Now, AMD has come out to put rumors of false Vega pricing announcements to rest. Except the skeptic in me remains, well... skeptic. Here's what AMD has said: "Radeon RX Vega 64 demand continues to exceed expectations. AMD is working closely with its partners to address this demand. Our initial launch quantities included standalone Radeon RX Vega 64 at SEP of $499, Radeon RX Vega 64 Black Packs at SEP of $599, and Radeon RX Vega 64 Aqua Packs at SEP of $699. We are working with our partners to restock all SKUs of Radeon RX Vega 64 including the standalone cards and Gamer Packs over the next few weeks, and you should expect quantities of Vega to start arriving in the coming days."

AMD Releases the Crimson ReLive Edition 17.8.1 Beta 6 Drivers for Vega

AMD today has made available for early adopters the Crimson ReLive Edition 17.8.1 drivers. Users of other AMD graphics cards other than the newly released RX Vega 64 beware: these drivers are for exclusive use on those graphics cards.

For those early adopters who have a Vega 64 on their hands already, these drivers are for you. If you're currently on the fence on whether or not to make the plunge to a new red-powered graphics card, make sure to read our own resident W1zzard's reviews of AMD's latest foray into the high performance graphics processing market for both the RX Vega 56 and RX Vega 64 graphics cards. You might be surprised. Download the drivers from the link below.
DOWNLOAD: AMD Radeon Software Crimson Relive Edition Radeon RX Vega Series Driver​

Sapphire Announces RX Vega 64 Graphics Card Lineup

SAPPHIRE Technology has announced the launch of the much-anticipated SAPPHIRE Radeon Vega 64 enthusiast graphics cards. The Vega architecture boasts significant improvements focused on maximizing the performance. Vega cards are designed for enthusiasts seeking top-of-the-chart framerates in games of today and tomorrow - in Ultra details and VR.

SAPPHIRE Technology is introducing three Vega-powered models:
  • SAPPHIRE Radeon RX Vega 64 8GB HBM2 Liquid Cooled
  • SAPPHIRE Radeon RX Vega 64 8GB HBM2
  • SAPPHIRE Radeon RX Vega 64 8GB HBM2 Limited Edition

EK is Releasing Full Cover Water Blocks for AMD Radeon RX Vega

EK Water Blocks, the Slovenia-based premium computer liquid cooling gear manufacturer has proven its market leadership once again by presenting Full Cover water blocks for the long awaited AMD Radeon Vega architecture based high-end graphics cards. Customers will be able to transform their GPU into a stunningly beautiful single slot graphics card and the water cooling block will allow it to reach higher frequencies, thus providing more performance during gaming or other GPU intense tasks.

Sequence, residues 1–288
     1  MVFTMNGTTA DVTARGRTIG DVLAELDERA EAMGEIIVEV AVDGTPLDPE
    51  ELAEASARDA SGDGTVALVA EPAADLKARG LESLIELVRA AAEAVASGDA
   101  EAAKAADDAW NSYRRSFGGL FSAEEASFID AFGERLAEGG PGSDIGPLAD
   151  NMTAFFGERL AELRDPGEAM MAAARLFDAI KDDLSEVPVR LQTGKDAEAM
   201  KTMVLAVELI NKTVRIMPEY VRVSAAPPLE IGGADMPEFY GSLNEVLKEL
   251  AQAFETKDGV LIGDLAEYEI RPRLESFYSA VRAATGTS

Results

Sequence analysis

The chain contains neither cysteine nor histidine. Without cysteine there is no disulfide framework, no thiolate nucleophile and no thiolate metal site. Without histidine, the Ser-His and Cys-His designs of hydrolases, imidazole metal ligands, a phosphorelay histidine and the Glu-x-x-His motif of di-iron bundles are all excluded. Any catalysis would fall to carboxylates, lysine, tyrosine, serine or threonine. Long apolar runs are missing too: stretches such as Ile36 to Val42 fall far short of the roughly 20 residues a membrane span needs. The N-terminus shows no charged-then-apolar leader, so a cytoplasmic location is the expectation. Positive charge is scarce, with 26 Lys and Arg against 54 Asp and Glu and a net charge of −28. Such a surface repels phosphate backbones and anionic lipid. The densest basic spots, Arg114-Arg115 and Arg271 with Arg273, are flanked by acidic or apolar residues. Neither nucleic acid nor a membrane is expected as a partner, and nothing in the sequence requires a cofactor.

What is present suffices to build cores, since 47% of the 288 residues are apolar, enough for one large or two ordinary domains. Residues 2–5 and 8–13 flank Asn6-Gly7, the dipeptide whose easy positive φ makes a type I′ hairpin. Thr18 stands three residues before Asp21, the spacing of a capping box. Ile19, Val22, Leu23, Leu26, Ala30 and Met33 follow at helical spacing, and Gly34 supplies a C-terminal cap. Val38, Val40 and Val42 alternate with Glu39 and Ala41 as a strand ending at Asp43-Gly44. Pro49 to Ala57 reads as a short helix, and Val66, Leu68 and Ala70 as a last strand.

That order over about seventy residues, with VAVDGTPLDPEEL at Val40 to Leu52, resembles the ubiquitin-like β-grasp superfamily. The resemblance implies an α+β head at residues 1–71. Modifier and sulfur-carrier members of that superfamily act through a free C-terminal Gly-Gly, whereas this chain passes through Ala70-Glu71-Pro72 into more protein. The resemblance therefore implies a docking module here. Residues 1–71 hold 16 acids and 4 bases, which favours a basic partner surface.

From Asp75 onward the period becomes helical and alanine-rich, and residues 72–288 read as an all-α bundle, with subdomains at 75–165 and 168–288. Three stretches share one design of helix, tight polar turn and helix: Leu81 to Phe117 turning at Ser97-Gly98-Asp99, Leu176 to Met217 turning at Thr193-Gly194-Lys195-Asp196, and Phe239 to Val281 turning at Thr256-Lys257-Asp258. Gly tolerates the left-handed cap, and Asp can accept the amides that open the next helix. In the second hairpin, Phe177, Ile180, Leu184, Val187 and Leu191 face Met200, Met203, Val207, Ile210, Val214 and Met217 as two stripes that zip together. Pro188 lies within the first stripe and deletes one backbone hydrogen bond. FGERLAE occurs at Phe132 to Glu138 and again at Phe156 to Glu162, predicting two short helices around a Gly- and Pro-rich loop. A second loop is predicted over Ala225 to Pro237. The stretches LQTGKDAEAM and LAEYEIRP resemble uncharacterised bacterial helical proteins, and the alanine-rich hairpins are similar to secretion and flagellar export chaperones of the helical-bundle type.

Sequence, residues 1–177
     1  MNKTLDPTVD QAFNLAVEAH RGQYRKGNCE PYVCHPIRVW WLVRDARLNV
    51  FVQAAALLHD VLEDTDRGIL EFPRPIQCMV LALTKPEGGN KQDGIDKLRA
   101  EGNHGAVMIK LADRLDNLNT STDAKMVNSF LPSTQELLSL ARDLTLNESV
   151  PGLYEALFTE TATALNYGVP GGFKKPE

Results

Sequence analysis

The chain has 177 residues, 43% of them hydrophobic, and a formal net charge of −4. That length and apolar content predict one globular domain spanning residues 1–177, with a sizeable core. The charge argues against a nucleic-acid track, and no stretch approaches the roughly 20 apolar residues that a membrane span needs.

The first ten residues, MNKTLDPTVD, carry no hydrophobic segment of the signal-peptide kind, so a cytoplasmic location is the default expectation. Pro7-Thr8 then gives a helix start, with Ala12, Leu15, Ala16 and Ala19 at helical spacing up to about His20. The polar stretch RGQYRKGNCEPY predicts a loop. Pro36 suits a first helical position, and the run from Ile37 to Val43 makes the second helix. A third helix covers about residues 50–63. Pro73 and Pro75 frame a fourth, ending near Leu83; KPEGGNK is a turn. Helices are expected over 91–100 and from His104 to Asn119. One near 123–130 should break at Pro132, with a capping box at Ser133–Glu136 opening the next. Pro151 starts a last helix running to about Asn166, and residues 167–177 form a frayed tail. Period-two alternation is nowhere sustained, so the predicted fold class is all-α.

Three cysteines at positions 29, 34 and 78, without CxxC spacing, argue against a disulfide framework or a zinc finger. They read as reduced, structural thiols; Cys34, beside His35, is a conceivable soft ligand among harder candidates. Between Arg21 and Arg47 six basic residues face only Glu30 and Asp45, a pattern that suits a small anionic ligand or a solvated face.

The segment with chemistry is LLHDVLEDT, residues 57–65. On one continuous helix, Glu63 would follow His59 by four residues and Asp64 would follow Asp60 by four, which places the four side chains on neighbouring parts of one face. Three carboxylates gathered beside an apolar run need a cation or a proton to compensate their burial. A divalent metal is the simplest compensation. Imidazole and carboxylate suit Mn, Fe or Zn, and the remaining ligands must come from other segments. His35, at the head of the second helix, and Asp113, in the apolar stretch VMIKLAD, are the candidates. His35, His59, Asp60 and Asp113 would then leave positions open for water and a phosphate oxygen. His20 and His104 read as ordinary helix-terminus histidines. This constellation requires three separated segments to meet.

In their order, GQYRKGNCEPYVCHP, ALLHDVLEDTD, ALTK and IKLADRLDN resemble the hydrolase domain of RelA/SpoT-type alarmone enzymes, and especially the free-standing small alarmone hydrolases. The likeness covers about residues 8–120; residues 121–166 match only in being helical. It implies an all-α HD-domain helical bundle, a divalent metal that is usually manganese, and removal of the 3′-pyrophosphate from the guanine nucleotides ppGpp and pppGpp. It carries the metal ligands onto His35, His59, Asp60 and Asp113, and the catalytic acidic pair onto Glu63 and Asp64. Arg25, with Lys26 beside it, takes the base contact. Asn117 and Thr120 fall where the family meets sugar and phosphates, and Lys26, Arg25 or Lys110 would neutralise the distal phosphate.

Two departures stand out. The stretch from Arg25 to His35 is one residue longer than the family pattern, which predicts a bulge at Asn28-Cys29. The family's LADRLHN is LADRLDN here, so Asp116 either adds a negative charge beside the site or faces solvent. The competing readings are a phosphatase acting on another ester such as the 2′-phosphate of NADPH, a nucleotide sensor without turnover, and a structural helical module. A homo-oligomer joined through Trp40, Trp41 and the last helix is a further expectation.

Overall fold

EK-FC Radeon Vega
This water block directly cools the GPU, HBM2 memory, and VRM (voltage regulation module) as water flows directly over these critical areas thus allowing the graphics card and it's VRM to remain stable under high overclocks. EK-FC Radeon Vega water block features a central inlet split-flow cooling engine design for best possible cooling performance, which also works flawlessly with reversed water flow without adversely affecting the cooling performance. This kind of efficient cooling will allow your high-end graphics card to reach higher boost clocks, thus providing more performance during gaming or other GPU intense tasks. Moreover, such design offers great hydraulic performance allowing this product to be used in liquid cooling systems using weaker water pumps.

AMD Giving Up on CrossFire with RX Vega

AMD is reportedly scaling down efforts on its end to support and promote multi-GPU technologies such as CrossFire, and not in favor of open-standards such as DirectX 12 native multi-GPU, either. Speaking to GamersNexus, an AMD representative confirmed that while the new Radeon RX Vega family of graphics cards support CrossFire, the company may not allocate as many resources as it used to with older GPU launches, in promoting or supporting it.

This is keeping up with trends in the industry moving away from multi-GPU configurations, and aligns with NVIDIA's decision to dial-down investment in SLI. This also more or less confirms that AMD won't build a Radeon RX series consumer graphics product based on two "Vega 10" ASICs. At best, one can expect dual-GPU cards for the professional or GPU-compute markets, such as the Radeon Pro or Radeon Instinct brands.

AMD Radeon Vega Holocube Not Shipping Come August